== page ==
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Do you celebrate Halloween or Bonfire Night?

I don’t want to sound like a wicked old witch, but I do let out a small sigh of cynicism when Halloween rolls around. So as Halloween celebrations catch on in the UK, will you be joining in the fiendish festivities?

Halloween is coming and, as expected, the shops are full to bursting with merchandise for us to buy. And it’s no small wonder, as a recent YouGov survey found that UK consumers will spend an estimated £268m celebrating this year’s most haunting holiday.

Compared to the £2.1m Brits spent celebrating Halloween in 2001, the spookiest day of year has seen a surge in popularity. The survey found 53% of adults agreed that Halloween is a fun event for kids, yet only 23% of adults plan to celebrate (or have an excuse for a fancy dress party!).

Is Halloween just a headache?

I don’t want to bring the mood down, but I’ll admit I don’t have much love for Halloween. In fact, I’d say I sit firmly in the 45% of adults who see it as an ‘unwelcome American cultural import’. Don’t get me wrong – it looks like great fun in America. But over there, it’s a rich tradition where everyone seems to get involved and take part.

In the UK, I don’t look forward to walking down the chilly, dark streets spotting the odd, sad pumpkin or flimsy plastic skeleton outside the doors of those who tried to make an effort. And I don’t want to imagine the disappointed faces of those children who go trick-or-treating, only to be met with endless unopened doors as homeowners (like me) hide behind their curtains.

And finally, I’m sure I’m not the only one who has been unsure about a bunch of too-old-for-trick-or-treating-teenagers knocking at my door for their free food as a reward for donning a ‘Scream’ mask.

Despite the millions being spent on Halloween in the UK, the mood has only captured 8% of adults who said they’ll carve a pumpkin for the day and a mere 4% who said they’ll be taking their kids trick or treating. It’s hard to ignore the enormous benefit to the UK retail industry, so you can see why so much merchandise makes its way onto the shelves.

Another brilliant Bonfire Night

I for one am looking forward to another brilliant Bonfire Night as 5 November approaches. As a nation, Bonfire Night has us bursting with excitement as we plan to spend an estimated £386m on celebrations. Overall, the YouGov survey found that 29% of us plan to attend an organised display (me included), while 12% will buy fireworks to use at home or to take to a party.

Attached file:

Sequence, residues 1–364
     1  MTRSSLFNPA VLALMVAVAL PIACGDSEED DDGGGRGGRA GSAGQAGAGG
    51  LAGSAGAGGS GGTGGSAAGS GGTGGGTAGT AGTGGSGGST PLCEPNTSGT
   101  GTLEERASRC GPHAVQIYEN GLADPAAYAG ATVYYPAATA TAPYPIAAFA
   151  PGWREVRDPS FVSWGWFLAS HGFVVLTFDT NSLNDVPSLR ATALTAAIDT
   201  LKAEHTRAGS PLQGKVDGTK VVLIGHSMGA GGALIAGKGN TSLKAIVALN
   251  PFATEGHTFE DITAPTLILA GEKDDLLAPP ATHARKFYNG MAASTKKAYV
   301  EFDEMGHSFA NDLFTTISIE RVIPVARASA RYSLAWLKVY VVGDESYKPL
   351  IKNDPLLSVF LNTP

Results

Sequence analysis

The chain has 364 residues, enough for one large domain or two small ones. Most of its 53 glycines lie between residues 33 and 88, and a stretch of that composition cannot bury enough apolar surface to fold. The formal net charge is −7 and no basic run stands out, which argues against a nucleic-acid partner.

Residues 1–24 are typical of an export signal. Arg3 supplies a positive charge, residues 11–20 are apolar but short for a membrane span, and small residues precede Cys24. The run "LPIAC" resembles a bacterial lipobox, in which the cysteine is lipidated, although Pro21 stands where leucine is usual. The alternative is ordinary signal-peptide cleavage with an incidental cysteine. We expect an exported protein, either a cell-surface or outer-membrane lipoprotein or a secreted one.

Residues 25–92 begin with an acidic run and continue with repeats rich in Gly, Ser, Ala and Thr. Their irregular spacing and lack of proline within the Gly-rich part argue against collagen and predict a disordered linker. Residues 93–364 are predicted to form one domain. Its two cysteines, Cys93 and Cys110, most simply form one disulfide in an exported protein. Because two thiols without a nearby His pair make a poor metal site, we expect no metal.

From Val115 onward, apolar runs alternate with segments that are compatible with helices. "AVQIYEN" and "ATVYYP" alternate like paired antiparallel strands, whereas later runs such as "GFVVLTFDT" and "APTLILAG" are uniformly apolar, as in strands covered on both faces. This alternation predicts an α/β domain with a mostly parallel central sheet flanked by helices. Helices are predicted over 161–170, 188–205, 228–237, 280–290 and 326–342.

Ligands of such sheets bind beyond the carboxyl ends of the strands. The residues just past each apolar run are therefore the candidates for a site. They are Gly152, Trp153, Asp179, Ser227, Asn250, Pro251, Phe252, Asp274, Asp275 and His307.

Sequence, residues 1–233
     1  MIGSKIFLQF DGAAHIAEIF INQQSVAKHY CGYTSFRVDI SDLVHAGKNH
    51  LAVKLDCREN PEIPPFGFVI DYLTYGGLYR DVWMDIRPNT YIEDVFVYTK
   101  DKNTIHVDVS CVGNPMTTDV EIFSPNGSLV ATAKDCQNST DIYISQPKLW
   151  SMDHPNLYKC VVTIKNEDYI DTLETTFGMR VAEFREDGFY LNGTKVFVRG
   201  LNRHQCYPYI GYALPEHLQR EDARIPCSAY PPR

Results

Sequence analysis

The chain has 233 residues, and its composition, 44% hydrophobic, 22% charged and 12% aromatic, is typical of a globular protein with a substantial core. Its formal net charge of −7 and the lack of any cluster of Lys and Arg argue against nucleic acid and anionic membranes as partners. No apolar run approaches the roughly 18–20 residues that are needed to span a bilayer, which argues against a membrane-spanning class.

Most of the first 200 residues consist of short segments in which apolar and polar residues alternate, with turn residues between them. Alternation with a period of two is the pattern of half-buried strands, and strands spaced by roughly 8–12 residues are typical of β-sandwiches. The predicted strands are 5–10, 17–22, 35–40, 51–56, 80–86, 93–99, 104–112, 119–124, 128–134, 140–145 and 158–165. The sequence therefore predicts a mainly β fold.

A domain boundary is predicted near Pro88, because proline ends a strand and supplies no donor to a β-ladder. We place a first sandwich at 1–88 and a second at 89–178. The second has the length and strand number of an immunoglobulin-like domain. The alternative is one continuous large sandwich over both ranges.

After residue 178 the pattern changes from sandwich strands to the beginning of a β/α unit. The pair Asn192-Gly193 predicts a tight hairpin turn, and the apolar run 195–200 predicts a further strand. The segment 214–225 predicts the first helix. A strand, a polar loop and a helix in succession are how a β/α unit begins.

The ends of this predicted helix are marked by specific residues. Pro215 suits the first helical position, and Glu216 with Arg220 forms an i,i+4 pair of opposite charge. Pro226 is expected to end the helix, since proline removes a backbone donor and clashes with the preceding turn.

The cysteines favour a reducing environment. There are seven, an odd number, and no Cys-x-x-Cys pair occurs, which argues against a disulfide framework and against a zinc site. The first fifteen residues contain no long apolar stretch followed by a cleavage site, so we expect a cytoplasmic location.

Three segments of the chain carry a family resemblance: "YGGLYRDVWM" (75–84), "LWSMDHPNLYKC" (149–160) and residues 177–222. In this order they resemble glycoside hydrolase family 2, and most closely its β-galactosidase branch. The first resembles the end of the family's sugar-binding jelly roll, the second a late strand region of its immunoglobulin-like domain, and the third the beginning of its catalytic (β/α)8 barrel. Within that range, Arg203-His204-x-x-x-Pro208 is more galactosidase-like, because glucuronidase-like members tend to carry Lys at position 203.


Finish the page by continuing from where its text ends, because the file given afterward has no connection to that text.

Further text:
So, roasted chestnuts here I come – but I’m afraid my lights will be out if you come knocking on my door on 31 October. Will you be celebrating these autumnal festivities or should we try to stop the spread of horrible Halloween while we still can?

Which do you prefer?

Bonfire night (45%, 79 Votes)

Neither (43%, 76 Votes)

Halloween (11%, 20 Votes)

Total Voters: 175

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I won’t celebrate Halloween or Bonfire Night, but I don’t mind other people doing it. What bothers me far more and incenses me every year is Christmas paraphernalia appearing in the shops before Halloween’s even been! (Similarly, I saw the first poppy being worn today on telly and we’re not even in November yet. Is this a competition? Looks like a travesty to me.)

I would like to see preferably a law, but if not, self-imposed regulation like they have in Belgium as I understand, stipulating that there should be no Christmas advertising or displaying of goods before 1st December, no Easter eggs out 6 weeks before Easter and so on. Never mind retailers’ greed (or desperation in this difficult economic period) and unseemly consumption on our part, time passes by far too quickly without rushing it further along. May we enjoy the here and now please?